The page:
Reviews are like buses, I declared on twitter yesterday, none for ages and then they all come at once! I’m delighted to link to this wonderful review of Lucia’s War by Catherine Murphy in Books Ireland Magazine. It is official – “review” is no longer a dirty word on this blog 🙂 I’ve been truly blessed with the critiques I’ve received for Lucia’s War and I’m really grateful for the in depth appreciation of the work and of Lucia’s character.
When a novel is in first person, it is inevitable that most or all the attention will fall on the protagonist. I would imagine if Lucia had corporeal existence and was reading this herself, she would be most happy with this, having a natural soprano’s desire to be centre stage! What I enjoyed most about writing her is that she eschews false modesty – when she’s good at something like singing, chess, or, um [insert spoilertastic thing here] she knows she’s good, and furthermore, there are enough damn people around to knock her without her joining in. But one thing I do love about this review is how it mentions other characters:
The secondary characters are great, Eva and Arthur in particular. Eva is all kinds of messed up. I loved Arthur’s advice, which to me almost encapsulates the book.
“YOU CANNOT LET FUTURE JEWELS BE STOLEN FROM YOU BY PAST SADNESS.”
A perfect summary of poor Eva, and I’m so glad Arthur gets a mention. I have a soft spot for Arthur, he’s not a bad guy, he’s just trying his best to achieve excellence in an utterly hostile society and stuck with impossibly high standards. Unlike Robin, who says what he likes when he likes (pretty much) Arthur has to calculate every comment and action he makes, and it must be utterly bloody exhausting for him.
I also love this whole paragraph:
The book moves with a very clear sense of place. The settings are powerfully drawn and the details deftly bring the plot through London, Jamaica, France, Glasgow, each one holding their own with some wonderful background descriptions. Music is another consistent strand but the root is really motherhood, a thread of barbed wire running through the story.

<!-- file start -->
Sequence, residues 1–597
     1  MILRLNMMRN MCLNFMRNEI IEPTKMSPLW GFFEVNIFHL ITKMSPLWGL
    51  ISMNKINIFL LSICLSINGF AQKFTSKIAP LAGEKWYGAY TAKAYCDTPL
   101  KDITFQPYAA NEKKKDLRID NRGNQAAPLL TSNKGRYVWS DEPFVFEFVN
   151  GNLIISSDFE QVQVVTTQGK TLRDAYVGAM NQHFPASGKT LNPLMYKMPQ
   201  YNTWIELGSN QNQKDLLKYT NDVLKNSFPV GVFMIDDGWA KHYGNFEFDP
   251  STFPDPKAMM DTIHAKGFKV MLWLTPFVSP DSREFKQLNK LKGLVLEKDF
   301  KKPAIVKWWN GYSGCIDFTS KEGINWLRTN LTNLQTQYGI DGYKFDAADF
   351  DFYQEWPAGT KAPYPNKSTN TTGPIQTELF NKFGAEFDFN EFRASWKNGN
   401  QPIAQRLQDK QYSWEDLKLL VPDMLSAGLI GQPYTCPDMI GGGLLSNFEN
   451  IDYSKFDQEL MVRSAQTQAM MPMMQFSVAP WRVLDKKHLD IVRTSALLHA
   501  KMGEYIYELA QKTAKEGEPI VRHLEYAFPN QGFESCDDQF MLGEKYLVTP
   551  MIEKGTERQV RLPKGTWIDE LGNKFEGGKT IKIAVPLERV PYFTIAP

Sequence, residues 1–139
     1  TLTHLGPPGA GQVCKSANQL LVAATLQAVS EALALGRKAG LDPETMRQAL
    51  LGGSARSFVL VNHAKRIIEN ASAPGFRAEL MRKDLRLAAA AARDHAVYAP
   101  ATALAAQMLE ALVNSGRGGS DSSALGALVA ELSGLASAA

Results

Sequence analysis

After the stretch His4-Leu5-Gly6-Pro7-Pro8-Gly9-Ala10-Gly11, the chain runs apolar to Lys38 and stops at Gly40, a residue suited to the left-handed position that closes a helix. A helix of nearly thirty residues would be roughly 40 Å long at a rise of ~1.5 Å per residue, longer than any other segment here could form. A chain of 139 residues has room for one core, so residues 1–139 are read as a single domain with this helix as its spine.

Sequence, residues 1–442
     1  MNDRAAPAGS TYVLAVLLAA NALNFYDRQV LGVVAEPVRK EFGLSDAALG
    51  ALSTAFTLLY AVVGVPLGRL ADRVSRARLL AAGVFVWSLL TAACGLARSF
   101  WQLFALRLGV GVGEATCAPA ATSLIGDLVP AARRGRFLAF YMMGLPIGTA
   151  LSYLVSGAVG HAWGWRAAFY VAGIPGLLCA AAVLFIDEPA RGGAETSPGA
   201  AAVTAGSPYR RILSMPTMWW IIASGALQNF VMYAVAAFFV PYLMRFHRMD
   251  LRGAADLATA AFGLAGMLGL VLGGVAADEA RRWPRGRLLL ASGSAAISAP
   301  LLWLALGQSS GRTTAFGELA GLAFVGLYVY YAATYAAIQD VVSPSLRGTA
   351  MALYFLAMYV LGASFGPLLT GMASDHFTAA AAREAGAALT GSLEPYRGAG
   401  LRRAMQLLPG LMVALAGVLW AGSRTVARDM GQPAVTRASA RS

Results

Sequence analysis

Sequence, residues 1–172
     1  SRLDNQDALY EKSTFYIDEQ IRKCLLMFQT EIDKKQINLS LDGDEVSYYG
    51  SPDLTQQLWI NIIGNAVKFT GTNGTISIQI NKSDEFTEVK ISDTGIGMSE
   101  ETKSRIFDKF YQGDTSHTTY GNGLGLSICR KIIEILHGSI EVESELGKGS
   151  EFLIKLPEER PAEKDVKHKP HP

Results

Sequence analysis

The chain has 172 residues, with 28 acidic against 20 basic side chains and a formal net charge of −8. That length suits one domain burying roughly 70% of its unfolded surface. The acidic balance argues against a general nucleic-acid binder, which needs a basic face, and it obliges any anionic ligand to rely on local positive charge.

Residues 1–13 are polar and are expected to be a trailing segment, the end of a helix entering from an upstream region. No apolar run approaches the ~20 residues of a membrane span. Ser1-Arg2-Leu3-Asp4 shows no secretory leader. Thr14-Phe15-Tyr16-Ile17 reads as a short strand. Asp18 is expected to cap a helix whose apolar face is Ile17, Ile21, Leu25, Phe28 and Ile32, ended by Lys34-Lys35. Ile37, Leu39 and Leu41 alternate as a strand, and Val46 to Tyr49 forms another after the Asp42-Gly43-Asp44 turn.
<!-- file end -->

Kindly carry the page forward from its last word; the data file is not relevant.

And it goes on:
I’m really pleased about this, because I sometimes wondered if compared to White Feathers, a lot of Lucia’s War was in London, but I did find that the locations had a bit of variety and it’s great that came through. I think that’s important as otherwise a sense of claustrophobia can set in. (That said, Room by Emma Donoghue did fine!) And motherhood being barbed wire…oh yes, particularly when Lilian sticks her beak in.
And a final quote – as people know, Lucia’s War is a self-published book and the cover design was managed and planned by me in conjunction with Richie Cumberlidge, a designer with More Visual Ltd. That the cover draws in the reader is a wonderful vindication of high-end independent publishing, and I passed the kind words on to Richie, who did such a good job.
It’s a wonderful thing when the cover art for a book leads the reader so perfectly into the story as this design for Lucia’s War. Before even opening the book there is music, war, and Lucia herself. I love when a character beams from the pages. Lucia is strong, independent, difficult, stubborn, brave and gifted, and she has had to be all those things to get through her life.